The Big Red One, 1980, Written and Directed by Sam Fuller. Fuller fought with The Big Red One during the war. I’ve read Fuller’s bio, The Third Face, and I recognize numerous scenes from the film as incidents that Fuller actually witnessed in combat: the slaughter on Omaha Beach, a woman giving birth in a burnt-out tank, a shoot-out in a Belgian insane asylum. Fuller’s film follows four baby-faced GI’s and their tough-as-nails Sergeant, Lee Marvin, from North Africa (shot in Israel) to liberating the concentration camps. The film was originally four hours long. The studio released a severely truncated version. The DVD restoration is a revelation.
The Mortal Storm, 1940. This isn’t actually a war movie, but it’s a fine Hollywood film that explained to American audiences what was going on in Europe—the evil that was infecting the continent—before Americans were really quite ready for war. Can you imagine Hollywood making such a film now? Jimmy Stewart and Margaret Sullavan star as citizens of a small alpine community who watch in bewilderment as Nazis gradually seduce and corrupt their neighbors. A fine script by Phyllis Bottome, and George Froeshel. The great Frank Borzage directed.
They Were Expendable, 1945. John Ford’s best war movie. PT Boats and their crews from Pearl Harbor to the fall of Bataan. Robert Montgomery stars with John Wayne and the luminous Donna Reed. Oh boy, was she something before she became America’s TV mom. Duty, honor, sacrifice, courage, and dignity are hallmarks of this wonderful film. Wayne gives one of the best performances of his career as he peels away layers of vulnerability in his scenes with Reed.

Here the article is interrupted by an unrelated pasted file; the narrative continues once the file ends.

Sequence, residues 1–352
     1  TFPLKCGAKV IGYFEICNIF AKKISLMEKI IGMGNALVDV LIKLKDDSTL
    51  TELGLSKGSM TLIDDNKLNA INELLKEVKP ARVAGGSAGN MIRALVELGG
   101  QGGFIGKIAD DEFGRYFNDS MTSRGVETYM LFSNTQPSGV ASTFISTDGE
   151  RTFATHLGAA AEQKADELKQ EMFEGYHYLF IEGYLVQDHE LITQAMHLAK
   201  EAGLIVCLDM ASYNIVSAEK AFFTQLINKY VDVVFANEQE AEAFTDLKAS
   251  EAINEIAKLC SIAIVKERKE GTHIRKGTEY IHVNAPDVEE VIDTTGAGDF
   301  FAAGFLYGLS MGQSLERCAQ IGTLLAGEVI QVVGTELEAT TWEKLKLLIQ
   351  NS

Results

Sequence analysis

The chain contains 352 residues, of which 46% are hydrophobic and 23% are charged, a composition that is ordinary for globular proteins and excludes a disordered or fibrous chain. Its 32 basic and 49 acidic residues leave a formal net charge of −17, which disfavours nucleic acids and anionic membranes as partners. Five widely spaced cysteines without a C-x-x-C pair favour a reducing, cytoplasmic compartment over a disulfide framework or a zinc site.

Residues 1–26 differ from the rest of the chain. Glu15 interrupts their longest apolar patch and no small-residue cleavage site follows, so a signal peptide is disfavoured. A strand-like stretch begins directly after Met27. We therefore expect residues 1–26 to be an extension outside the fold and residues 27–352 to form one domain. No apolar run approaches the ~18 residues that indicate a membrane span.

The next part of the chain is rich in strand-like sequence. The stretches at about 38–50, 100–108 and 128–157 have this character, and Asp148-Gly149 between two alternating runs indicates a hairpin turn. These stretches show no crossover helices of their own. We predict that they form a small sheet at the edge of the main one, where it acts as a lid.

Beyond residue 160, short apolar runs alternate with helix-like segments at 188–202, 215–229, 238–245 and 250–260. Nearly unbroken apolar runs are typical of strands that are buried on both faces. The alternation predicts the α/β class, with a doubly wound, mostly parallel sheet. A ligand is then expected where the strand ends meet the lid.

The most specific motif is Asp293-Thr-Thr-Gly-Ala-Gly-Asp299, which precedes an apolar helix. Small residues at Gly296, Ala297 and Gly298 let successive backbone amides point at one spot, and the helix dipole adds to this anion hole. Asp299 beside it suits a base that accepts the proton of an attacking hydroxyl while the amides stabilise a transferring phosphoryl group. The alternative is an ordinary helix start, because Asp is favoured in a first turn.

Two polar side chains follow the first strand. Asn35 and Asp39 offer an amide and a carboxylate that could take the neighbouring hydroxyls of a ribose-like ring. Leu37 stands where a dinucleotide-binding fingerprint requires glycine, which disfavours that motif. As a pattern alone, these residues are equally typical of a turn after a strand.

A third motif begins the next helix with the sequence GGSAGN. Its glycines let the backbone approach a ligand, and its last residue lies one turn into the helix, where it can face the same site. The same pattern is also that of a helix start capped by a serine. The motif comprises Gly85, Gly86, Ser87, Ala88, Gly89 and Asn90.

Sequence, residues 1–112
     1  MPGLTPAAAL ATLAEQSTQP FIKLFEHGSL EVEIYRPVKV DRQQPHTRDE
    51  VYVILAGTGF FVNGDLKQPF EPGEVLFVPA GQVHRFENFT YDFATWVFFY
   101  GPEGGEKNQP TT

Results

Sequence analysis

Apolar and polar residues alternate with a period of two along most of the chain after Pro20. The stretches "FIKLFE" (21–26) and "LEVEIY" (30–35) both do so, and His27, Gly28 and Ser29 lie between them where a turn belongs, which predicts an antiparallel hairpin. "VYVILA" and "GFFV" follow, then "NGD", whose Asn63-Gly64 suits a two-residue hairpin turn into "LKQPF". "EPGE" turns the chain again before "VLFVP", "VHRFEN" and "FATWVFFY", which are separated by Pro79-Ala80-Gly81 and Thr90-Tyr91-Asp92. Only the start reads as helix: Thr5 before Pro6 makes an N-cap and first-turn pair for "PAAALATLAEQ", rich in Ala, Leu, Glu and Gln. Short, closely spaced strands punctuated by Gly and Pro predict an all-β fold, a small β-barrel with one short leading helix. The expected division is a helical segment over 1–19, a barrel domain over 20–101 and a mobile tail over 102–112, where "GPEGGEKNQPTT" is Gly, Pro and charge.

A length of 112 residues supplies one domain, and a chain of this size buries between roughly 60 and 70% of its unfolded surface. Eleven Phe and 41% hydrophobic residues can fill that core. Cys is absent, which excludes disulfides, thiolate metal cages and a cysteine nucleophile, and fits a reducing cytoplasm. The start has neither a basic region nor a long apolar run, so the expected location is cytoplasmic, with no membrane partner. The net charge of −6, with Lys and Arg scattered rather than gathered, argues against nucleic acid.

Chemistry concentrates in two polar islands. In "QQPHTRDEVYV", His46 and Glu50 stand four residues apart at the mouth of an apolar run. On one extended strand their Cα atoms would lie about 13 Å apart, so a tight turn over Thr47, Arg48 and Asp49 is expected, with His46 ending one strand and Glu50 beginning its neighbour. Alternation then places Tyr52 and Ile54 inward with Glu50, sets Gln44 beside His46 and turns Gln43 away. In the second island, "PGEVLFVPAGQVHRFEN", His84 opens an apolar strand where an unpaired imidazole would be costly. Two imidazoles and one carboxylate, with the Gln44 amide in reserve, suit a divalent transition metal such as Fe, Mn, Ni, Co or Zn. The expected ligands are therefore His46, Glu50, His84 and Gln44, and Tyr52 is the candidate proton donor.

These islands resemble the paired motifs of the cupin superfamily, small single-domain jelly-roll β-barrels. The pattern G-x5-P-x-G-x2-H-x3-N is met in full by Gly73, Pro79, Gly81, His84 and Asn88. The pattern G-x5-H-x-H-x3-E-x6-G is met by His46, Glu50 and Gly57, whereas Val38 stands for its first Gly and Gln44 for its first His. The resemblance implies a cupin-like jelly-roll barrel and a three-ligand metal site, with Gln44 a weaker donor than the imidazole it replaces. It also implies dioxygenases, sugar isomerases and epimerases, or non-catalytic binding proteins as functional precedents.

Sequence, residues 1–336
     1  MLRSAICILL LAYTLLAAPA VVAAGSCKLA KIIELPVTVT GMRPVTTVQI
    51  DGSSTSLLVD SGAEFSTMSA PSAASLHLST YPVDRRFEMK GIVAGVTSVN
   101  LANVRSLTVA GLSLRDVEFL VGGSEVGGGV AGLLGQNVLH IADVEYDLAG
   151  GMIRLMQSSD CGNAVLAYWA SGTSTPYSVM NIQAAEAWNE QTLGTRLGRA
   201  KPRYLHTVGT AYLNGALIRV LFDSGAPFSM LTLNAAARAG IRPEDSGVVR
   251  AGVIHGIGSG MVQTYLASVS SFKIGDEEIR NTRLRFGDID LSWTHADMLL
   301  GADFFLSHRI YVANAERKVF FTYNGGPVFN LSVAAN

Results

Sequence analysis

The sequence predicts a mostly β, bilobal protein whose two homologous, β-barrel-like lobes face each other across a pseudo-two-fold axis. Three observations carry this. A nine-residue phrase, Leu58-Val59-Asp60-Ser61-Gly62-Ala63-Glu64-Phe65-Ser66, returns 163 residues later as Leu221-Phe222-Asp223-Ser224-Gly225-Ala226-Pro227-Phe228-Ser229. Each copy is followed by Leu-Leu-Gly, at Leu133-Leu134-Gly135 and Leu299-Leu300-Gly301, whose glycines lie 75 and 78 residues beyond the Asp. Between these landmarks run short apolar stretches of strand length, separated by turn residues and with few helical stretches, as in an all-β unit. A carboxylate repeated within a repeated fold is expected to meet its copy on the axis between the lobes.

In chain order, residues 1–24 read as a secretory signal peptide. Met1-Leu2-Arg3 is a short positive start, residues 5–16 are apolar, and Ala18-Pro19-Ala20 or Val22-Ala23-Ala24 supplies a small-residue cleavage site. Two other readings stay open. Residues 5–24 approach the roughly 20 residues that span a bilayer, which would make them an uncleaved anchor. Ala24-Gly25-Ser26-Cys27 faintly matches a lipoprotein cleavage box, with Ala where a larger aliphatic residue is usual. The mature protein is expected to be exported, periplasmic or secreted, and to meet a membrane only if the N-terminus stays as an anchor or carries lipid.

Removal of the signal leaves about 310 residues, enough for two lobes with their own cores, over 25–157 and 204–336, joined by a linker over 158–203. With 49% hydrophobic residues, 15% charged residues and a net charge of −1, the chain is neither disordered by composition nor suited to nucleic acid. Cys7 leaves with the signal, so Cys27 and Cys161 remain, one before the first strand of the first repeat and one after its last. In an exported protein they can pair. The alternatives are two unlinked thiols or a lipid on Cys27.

Band of Brothers, 2001. This HBO mini-series follows an airborne infantry company from boot camp right until the end of the war. This is television at its best; concentrating on details instead of huge set-pieces. The realism is impressive and emphasis is always on survival, not false heroics, nor big speeches. Essential viewing.
Fires on the Plain, 1962. A Japanese private is dying of TB. His Sergeant gives him a grenade and orders him to kill himself. The soldier wanders on the Philippine Island of Leyte, a landscape of rotting corpses, rabid dogs, and cannibal Japanese soldiers. Director Kon Ichikawa with his screenwriter wife Natto Wada, understands that Japan has brought utter devastation to this land. There is only survival. One breath after another. Not for children.
Come and See, 1985. This might be the most powerful and brutal war movie I have ever seen. It’s a Soviet film that tells the story of young Florya, a naive 16-year old Byelorussian, who joins the partisans to fight the Nazis. Soon he finds himself in a scorched landscape where slaughter is the norm. Glascha, a mystical peasant girl, joins him in his odyssey and scenes of incredible brutality alternate with scenes of great lyricism—Glascha doing the Charleston in the rain in a primevil forest. There is a long, harrowing set-piece where an S.S. unit slaughters everyone in a